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Pilates

noun | piˈla’tes | \ piˈlätēz \

What is Pilates?

A mind-body exercise that provides daily conditioning, promotes whole-body health and develops mental awareness to optimize your personal performance.

Origin,1960s: named after German physical fitness specialist
Joseph Pilates (1880-1967), who devised the system.

Pilates

Benefits:

Pilates conditions the whole bodyNo muscle group is overtrained or undertrained. Your entire body is evenly balanced and conditioned, helping you to enjoy daily activities and sports with greater ease, better performance and less chance of injury. That’s why so many professional sports teams and elite athletes now use Pilates as a critical part of their training regime. Pilates can really make a difference in your health without taking a toll on your body.
Pilates is also an extremely flexible exercise system. Modifications to the exercises allow for a rathumbnailnge of difficulty ranging from beginning to advanced. Get the workout that best suits you now, and increase the intensity as your body conditioning improves.

Pilates balances the muscles of the body so that they are neither loose and weak nor tight and rigid. Muscles that are too loose and weak or too tight and rigid can make the body more susceptible to injury.

Pilates focuses on developing dynamic strength, which means you are better able to support and stabilize your joints while moving. Research has suggested that Pilates is an effective method for reducing injury risk in sports.

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History

Pilates was developed by Joseph Pilates, from Mönchengladbach, Germany. His father was a gymnast and his mother a naturopath.

During the first half of the twentieth century, he developed a system of exercises which were intended to strengthen the human mind and body. Pilates believed that mental and physical health were interrelated

In his youth he had practiced many of the physical training regimens available in Germany, and it was from these he developed his own method. It has clear connections with the physical culture of the late nineteenth century, such as the use of special apparatuses and claims that the exercises could cure ill health. It is also related to the tradition of “corrective exercise” or “medical gymnastics” as typified by Pehr Henrik Ling.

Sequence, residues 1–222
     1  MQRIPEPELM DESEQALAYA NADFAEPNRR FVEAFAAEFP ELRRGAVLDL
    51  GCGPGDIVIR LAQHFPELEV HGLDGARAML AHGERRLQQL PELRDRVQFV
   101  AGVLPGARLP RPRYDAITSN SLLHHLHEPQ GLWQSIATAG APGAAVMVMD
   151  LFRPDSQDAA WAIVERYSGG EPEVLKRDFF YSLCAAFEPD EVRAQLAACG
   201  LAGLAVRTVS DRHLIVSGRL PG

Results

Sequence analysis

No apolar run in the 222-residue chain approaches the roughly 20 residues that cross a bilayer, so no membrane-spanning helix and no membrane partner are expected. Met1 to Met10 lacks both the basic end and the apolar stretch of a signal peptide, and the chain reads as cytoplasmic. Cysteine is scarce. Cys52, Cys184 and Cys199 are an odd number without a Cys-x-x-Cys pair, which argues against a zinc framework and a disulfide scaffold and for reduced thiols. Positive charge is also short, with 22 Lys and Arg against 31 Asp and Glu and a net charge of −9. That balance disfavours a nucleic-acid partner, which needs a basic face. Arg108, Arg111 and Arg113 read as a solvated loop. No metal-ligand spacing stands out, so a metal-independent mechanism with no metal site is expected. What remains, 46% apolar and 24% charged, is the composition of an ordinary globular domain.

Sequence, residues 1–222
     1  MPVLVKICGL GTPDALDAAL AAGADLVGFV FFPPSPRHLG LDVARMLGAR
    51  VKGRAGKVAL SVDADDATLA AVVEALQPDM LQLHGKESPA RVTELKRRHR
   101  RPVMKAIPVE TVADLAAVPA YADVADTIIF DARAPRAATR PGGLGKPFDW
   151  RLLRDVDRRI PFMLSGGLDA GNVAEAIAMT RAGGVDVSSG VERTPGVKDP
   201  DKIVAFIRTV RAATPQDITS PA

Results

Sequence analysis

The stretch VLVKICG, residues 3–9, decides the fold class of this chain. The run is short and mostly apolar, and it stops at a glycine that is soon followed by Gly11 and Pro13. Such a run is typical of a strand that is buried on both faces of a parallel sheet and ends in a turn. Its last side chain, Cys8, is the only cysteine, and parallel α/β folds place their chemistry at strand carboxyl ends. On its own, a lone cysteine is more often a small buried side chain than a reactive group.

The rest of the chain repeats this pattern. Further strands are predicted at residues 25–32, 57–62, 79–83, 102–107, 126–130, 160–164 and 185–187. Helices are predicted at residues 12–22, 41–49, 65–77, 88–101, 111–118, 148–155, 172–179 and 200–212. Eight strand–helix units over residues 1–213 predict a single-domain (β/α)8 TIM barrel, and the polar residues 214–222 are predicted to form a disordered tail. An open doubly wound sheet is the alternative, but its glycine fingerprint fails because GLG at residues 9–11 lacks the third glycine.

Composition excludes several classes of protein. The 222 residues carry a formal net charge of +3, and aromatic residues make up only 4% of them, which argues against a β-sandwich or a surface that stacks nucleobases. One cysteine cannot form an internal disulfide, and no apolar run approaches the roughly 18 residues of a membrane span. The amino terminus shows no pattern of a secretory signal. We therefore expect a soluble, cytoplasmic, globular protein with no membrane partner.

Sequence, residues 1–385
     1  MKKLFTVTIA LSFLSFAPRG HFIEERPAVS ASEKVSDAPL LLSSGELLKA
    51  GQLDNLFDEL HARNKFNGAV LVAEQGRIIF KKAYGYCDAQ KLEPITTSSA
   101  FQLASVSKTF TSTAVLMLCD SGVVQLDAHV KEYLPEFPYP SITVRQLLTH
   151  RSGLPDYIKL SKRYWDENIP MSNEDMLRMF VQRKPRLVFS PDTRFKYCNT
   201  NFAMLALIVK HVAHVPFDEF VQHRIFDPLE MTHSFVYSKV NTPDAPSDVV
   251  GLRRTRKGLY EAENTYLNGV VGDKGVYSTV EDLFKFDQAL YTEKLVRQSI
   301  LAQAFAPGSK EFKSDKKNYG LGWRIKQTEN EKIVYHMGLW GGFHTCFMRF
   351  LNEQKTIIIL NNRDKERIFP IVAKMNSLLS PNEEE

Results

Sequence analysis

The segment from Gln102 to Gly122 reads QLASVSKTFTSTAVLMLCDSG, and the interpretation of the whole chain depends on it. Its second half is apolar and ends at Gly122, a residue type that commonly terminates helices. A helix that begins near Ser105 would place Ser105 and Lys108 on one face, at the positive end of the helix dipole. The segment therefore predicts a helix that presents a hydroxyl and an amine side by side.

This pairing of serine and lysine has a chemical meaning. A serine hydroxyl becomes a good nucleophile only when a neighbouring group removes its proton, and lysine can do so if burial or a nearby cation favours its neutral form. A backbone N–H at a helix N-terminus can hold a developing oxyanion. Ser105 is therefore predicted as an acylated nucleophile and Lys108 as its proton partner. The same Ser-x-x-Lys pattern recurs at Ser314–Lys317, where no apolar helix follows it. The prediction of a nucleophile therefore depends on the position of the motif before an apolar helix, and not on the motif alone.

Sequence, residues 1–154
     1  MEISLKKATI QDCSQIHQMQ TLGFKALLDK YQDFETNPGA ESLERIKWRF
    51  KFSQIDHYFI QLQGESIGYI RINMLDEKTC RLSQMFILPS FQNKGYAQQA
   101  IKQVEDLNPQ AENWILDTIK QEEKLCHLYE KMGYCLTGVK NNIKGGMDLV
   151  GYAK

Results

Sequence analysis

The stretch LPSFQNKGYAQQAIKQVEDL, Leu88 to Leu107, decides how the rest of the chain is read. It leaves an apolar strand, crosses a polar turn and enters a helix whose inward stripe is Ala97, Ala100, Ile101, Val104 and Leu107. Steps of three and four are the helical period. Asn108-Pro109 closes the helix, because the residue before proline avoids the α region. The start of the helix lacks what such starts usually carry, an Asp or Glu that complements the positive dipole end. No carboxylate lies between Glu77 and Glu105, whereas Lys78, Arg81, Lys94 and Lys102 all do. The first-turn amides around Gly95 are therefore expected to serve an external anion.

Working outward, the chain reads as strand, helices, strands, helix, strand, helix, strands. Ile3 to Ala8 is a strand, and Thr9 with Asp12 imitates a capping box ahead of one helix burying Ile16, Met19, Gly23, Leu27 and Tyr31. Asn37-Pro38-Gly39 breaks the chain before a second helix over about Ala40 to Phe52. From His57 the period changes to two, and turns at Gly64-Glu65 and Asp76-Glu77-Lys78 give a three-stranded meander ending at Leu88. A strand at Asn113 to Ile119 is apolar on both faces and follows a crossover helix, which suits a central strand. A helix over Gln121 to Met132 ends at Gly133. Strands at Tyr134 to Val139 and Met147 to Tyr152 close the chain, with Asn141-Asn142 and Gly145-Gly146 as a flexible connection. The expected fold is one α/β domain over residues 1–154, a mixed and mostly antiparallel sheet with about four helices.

Pilates said that the inspiration for his method came to him during World War One, while he was being held at the Knockaloe internment camp on the Isle of Man. He developed his method there for four years, working on his fellow internees.

Joseph Pilates accompanied his method with a variety of equipment, for which he used the term “apparatus”. Each apparatus was designed to help accelerate the process of stretching, strengthening, body alignment and increased core strength started by the mat work. The best-known and most popular apparatus today, the Reformer, was originally called the Universal Reformer, aptly named for “universally reforming the body”. Eventually Pilates designed other apparatus, including the Cadillac, Wunda Chair, High “Electric” Chair, Spine Corrector, Ladder Barrel and Pedi-Pole.

Pilates published two books related to his training method: Your Health: A Corrective System of Exercising That Revolutionizes the Entire Field of Physical Education in 1934, and Return to Life Through Contrology in 1945.

His first students went on to teach his methods, including: Romana Kryzanowska, Kathy Grant, Jay Grimes, Ron Fletcher, Mary Bowen, Carola Treir, Bob Seed, Eve Gentry, Bruce King, Lolita San Miguel, and Mary Pilates, Joseph’s niece. Contemporary Pilates includes both the “Modern” Pilates and the “Classical/Traditional” Pilates. Modern Pilates is partly derived from the teaching of some first generation students, while Classical Pilates aims to preserve the original work as Joseph Pilates taught it.